It’s Adventure Time Again
Our friends Daniel and Tracy are restaurateurs, the founders of both Nibblers and Origen. Recently, they were telling us about an innovative new place in Nashville called Catbird Seat. We decided we had to take them and go see for ourselves.
What is it about Tennessee? You’d think there isn’t much here for a California boy, but I come here every April for the Gatlinburg Regional, we were here in March for the NABC and now we’re back to go out to dinner. One of the strange coincidences of life, I guess.
In any event, we left the house in the dark of the morning yesterday, cooled our heels in LAX for 3 hours and got here in the late afternoon. We had reservation at the Hampton Inn, but there was huge construction going on all around the hotel which they conveniently forgot to mention when booking. We refused to stay, are still having to fight Expedia even though everyone promises a money back guarantee, and ended up downtown at the DoubleTree in a better hotel for less money, free internet and a complimentary shuttle all over the downtown area that save a fortune on taxis.
We let Tracy, the wizard of both the kitchen and the internet, search for a great place for dinner, and we ended up at Flyte World Dining and Wine. She done good; dinner was fantastic.
Flyte is in a very large building, and they had almost no customers. I hope that’s because it was Wednesday and the World Series was on, because this place deserves to thrive.
A tasting menu was offered, with 3, 6 or 9 courses, but we chose to order a la carte. Dining with serious foodies means that everyone tastes all the dishes, nothing is sacred.
The first thing I saw on the menu was Elk Tartare, so you know that was coming my way.
The Elk was very good–flavorful, chopped just enough and no more, a more complex flavor than beef. What was more interesting was the cheese, a cave-aged Tennessee Tombe–fantastic, deep, rich and involving. A great choice.
Other first courses included a beet salad with a wonderful walnut puree, a watermelon gazpacho with blue crab which seemed more like excellent crab in watermelon juice, and the hit of the course, a Chanatrelle soup with chestnut bread pudding so rich and smooth and creamy we were fighting over the chance to scrape the bowl. I’m the last guy in the world to rave about a mushroom soup, but this was extraordinary.
Tracy’s Game hen was pretty spectacular, too. It was cooked sous vide, a technique wherein the food is sealed in a bag and immersed in not-quite boiling water, which cooks very gently yet thoroughly. The equipment is far too expensive for home cooks and the process can take quite a while, but the results are wonderful–the inside is cooked the same as the outside, everything done to perfection.
I had a breast of duck, served over risotto with chestnuts and Japanese sweet potato, and could find no complaint. Gail enjoyed the short ribs, served over corn pappardelle, something I’ve never seen–wide flat sheets of pasta made from corn. Daniel had a vegetable dish with farro and oyster mushrooms which the chef had foraged himself–if it satisfies him, it has to be great, and he was indeed satisfied.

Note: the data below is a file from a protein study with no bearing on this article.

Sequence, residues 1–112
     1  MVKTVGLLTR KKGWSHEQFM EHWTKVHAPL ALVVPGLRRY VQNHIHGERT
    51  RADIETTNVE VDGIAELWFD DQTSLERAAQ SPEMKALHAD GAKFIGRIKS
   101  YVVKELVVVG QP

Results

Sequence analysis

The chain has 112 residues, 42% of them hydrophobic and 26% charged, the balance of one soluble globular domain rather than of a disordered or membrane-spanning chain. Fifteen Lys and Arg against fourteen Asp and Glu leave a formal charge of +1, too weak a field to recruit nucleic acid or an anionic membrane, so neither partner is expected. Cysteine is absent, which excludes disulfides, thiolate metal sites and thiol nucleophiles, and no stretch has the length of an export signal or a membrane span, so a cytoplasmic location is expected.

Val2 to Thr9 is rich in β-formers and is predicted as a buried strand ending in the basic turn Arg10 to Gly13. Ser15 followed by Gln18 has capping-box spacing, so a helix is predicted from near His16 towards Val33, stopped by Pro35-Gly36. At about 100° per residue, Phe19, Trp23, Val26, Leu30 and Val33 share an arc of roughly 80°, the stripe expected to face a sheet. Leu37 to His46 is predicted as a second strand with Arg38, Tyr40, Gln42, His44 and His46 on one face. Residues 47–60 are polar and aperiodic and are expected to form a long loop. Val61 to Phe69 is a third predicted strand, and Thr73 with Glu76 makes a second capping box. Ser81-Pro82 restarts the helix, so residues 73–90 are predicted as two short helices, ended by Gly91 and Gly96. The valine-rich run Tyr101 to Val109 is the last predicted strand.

It was a slow night, and we’re pretty interesting customers, so the chef came out of the kitchen to meet us. He looks like he’s about 14, but he’s the boss. Chef Matt Lackey went to the CIA–Culinary Institute of America which is in New York and every weekend he would go to NYC and stage (work for free) at Thomas Keller’s Per Se, on of the world’s great restaurants. He has also worked in California and Spain–this guy knows his business, and may well not stay in Nashville all that long as he moves up the ladder of big time chefs.
Then came dessert. We only ordered 2 of them.
An interesting take on classic cheesecake, we thought the pastry chef (not Matt) spent too much energy on presentation and too little on flavor. Just serving the cheesecake without all the foofrah on the plate would have been better.
Similarly, the pumpkin custard was over-produced–too much energy into making it a complex presentation, too little strong flavors. Don’t let this sound like we hated dessert; we didn’t. There were no leftovers. We were doing the foodie exercise of being fanatically critical, the better to rave over the perfection of Chantarelle soup.
Dinner, with considerable decent wine (I even had a glass of a botrytis Semillon dessert wine from Australia) was about $80/person, not at all unreasonable for this level of cuisine. The service was excellent; considering how little the staff had to do last night I think they were trying to be busy and we got the benefit.
To say we like Flyte is an understatement. The food is spectacular and I suspect that Chef Lackey is a rising star. The pastry chef will get better with practice and some guidance from his boss, too. I hope management can improve the marketing to get more people in the door to try this place out.
How does one cook game hen in a bag in boiling water and serve it looking so roasty brown? I know mine would look anemic!
You throw it under the broiler for a couple of minutes to brown the skin. Especially easy if you have a salamander, but Gail won’t let me install one.
The food sounds and looks divine!
Hey Chris! I’m Scott Sears, one of the owners and the Wine Director of Flyte. Thanks so much for the visit and this thoughtful and detailed write up. You’ll be pleased to know we are upping our marketing efforts and plan to keep Chef Matt Lackey in Nashville for good. Please let us know when you’ll be back or if you send friends our way. Cheers!
I’m a little sad because I thought that this was an Adventure Time with Finn and Jake blog. I also love everything involving food and this has given me hope that I’m not the only person in this world that treats food like a lost art. Thank you for this blog. 🙂